The city of Austin, Texas was once home to a rich and thriving culture of African Americans who brought a special vibrancy and feel to the city. Sadly, however, that history is slowly but surely being replaced by progressive white liberalism with its Whole Foods restaurants, vegan cafes and soaring housing prices. It’s called “gentrification” and it’s turning a city that was once rich with black culture and tradition into just another liberal cosmopolitan wasteland.
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The East Austin area was a bustling and thriving home for black Americans with delicious restaurants, beautiful churches, and other businesses that were run by blacks and catered to and supported the community.
As the cost of living in Texas’ cities continues to climb, gentrification is reshaping neighborhoods across the state. These changes might be starkest in East Austin, where small midcentury homes are giving way to $700,000 duplexes. A Whole Foods will soon open not far from Chalmers Court, one of the nation’s oldest public housing projects. In one pocket of East Austin, a University of Texas report found last year, there are now more dogs than children. The owner of Sam’s BBQ, a longtime gathering place for the East Austin’s dwindling African American community, recently turned down a $5 million buyout.
What I fear most is that one day my grandchildren and great-grandchildren will never know that a thriving Black community ever existed in East Austin.
When I moved here in 1957 with my husband, Exalton, so he could pursue his doctoral degree, East Austin north of Sixth Street was a complete community for Austin’s Blacks. The crime written about and feared by so many never really existed, because we all knew each other and had too strong a sense of community and pride in what we had created. We had everything we needed to support ourselves—stores, banks, churches, and a college older than the University of Texas—all run by and for the benefit of Austin’s Black community. [Texas Observer]
A bag of $6 dollar kale chips and $12 dollar smoothies weren’t brought in to add to the flavor of the black community – no – those types of over-priced “stylish” junk is only there to cater to the snobby white progressives who have taken over. They have no respect for the culture or people who built and sustained East Austin; instead, they only seek to replace what they built with things like over-priced coffee joints, sustainable restaurants and day spas that no middle class American can ever afford.
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Eleventh Street was our downtown. It was full of businesses we cared about, and we all knew the proprietors of each one. Churches, beauty salons, and barbershops were scattered across East Austin and served as gathering places. Our neighborhoods had comfortable single-family homes, green lawns, libraries, parks with pools, sidewalks, and beautiful trees. The full socioeconomic spectrum was represented with no conflict between them. East Austin still has these qualities, which surprises some people. [Texas Observer]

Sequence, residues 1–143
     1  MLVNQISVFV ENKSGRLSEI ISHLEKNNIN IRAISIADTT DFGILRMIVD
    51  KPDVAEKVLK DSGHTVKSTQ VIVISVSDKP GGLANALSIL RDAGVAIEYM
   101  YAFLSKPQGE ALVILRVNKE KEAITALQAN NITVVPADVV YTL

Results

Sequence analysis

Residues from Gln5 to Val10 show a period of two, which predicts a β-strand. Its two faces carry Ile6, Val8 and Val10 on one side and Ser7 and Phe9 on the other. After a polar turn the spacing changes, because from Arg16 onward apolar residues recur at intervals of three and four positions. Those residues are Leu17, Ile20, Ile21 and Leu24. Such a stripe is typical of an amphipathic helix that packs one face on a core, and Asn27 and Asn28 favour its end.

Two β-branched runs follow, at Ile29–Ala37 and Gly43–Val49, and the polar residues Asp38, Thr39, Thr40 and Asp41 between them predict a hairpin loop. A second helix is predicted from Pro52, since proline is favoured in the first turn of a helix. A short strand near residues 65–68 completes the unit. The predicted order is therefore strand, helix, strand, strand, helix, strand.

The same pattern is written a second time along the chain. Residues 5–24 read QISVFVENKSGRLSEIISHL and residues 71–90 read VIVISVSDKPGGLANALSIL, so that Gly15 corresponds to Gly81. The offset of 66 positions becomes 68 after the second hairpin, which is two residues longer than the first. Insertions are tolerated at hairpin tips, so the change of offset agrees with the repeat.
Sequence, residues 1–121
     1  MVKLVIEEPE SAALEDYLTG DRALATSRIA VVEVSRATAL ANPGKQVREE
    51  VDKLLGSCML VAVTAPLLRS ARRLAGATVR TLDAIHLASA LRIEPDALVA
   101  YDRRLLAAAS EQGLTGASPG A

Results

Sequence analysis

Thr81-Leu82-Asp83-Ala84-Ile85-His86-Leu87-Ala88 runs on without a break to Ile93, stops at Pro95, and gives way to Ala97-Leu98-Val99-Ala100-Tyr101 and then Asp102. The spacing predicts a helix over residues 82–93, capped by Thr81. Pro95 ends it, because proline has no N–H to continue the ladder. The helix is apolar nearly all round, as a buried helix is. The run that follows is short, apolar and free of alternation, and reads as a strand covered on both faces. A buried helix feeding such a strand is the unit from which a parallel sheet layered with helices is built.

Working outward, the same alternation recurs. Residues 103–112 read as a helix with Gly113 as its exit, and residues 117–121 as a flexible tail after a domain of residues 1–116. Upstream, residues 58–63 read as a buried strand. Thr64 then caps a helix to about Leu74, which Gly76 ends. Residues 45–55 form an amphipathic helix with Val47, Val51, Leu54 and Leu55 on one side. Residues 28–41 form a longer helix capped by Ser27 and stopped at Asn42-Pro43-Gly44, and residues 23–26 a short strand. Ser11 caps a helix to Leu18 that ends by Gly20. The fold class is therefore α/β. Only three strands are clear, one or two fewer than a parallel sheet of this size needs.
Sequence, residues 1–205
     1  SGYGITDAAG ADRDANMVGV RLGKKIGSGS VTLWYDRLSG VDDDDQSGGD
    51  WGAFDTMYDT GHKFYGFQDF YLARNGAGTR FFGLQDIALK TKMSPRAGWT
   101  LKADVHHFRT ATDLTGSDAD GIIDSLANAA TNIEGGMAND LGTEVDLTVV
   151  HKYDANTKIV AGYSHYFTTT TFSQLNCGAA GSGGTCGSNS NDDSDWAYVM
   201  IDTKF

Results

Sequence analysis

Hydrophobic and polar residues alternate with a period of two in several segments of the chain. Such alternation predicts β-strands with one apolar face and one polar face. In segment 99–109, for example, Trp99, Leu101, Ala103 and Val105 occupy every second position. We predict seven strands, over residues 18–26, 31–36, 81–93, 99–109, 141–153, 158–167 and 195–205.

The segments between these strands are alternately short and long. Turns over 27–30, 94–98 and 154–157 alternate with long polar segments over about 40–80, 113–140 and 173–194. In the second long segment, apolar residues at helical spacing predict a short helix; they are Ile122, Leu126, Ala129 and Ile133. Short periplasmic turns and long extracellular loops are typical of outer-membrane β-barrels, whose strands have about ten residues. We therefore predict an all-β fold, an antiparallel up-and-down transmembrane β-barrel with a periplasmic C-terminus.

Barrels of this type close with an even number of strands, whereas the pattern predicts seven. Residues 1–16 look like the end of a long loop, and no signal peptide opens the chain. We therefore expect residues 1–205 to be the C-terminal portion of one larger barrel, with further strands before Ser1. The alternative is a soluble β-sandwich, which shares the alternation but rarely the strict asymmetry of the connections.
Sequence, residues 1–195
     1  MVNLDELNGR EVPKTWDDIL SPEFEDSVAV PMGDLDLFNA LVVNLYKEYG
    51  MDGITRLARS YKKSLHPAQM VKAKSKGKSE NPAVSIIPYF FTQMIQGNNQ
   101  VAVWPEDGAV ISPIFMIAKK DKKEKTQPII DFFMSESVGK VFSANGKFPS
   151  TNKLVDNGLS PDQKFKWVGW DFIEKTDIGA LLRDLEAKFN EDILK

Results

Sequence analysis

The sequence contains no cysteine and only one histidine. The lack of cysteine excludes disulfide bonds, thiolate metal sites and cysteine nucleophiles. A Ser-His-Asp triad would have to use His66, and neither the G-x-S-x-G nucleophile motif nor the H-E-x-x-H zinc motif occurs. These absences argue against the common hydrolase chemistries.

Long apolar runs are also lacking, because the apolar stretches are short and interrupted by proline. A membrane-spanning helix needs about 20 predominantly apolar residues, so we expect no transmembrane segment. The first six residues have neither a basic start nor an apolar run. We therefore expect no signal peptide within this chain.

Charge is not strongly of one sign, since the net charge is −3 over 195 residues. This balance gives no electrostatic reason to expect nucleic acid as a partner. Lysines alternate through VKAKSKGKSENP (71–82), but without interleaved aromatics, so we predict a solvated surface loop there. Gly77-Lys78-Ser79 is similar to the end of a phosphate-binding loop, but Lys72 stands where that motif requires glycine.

Black residents who have lived in East Austin for generations can no longer afford to live in the area they built up. Housing prices are soaring, taxes have gone way up, and small local stores are replaced with “Whole Foods,” and “Starbucks.” These progressive white liberals are literally erasing their culture without even batting an eye.
It’s sad and wrong.
A longtime resident down the street recently passed away, and his children didn’t want to move into the house, so they sold it—for $357,000. That is simply unbelievable. When I moved here you could have bought all of East Austin for that amount of money. Black families who grew up here, with kids who are now comfortably middle-class, have to move out of East Austin to afford a home and schools they can enjoy. It’s happening in my own family. Only one of my three daughters feels she can afford to live here. The others moved to Pflugerville and North Austin.
It is sad to me that when African Americans arrive today they have a hard time finding Austin’s Black community and culture. An executive who transferred here from out of state had to follow a Black family home from Sears just to find the barbershops and Baptist churches that serve the community. Another woman who recently moved to Austin asked me, “Where are we?” [Texas Observer]
Just like when immigrants move to this country, we expect them to respect and assimilate to our culture – not erase who we are and replace it with their beliefs and culture. Well, smug cosmopolitan liberals should treat the thriving black culture with the same respect.
I don’t know about you, but I’d rather go to a locally-owned restaurant and eat good homemade at a decent price than eat a $15 dollar soy and hemp salad at the new Vegan cafe.
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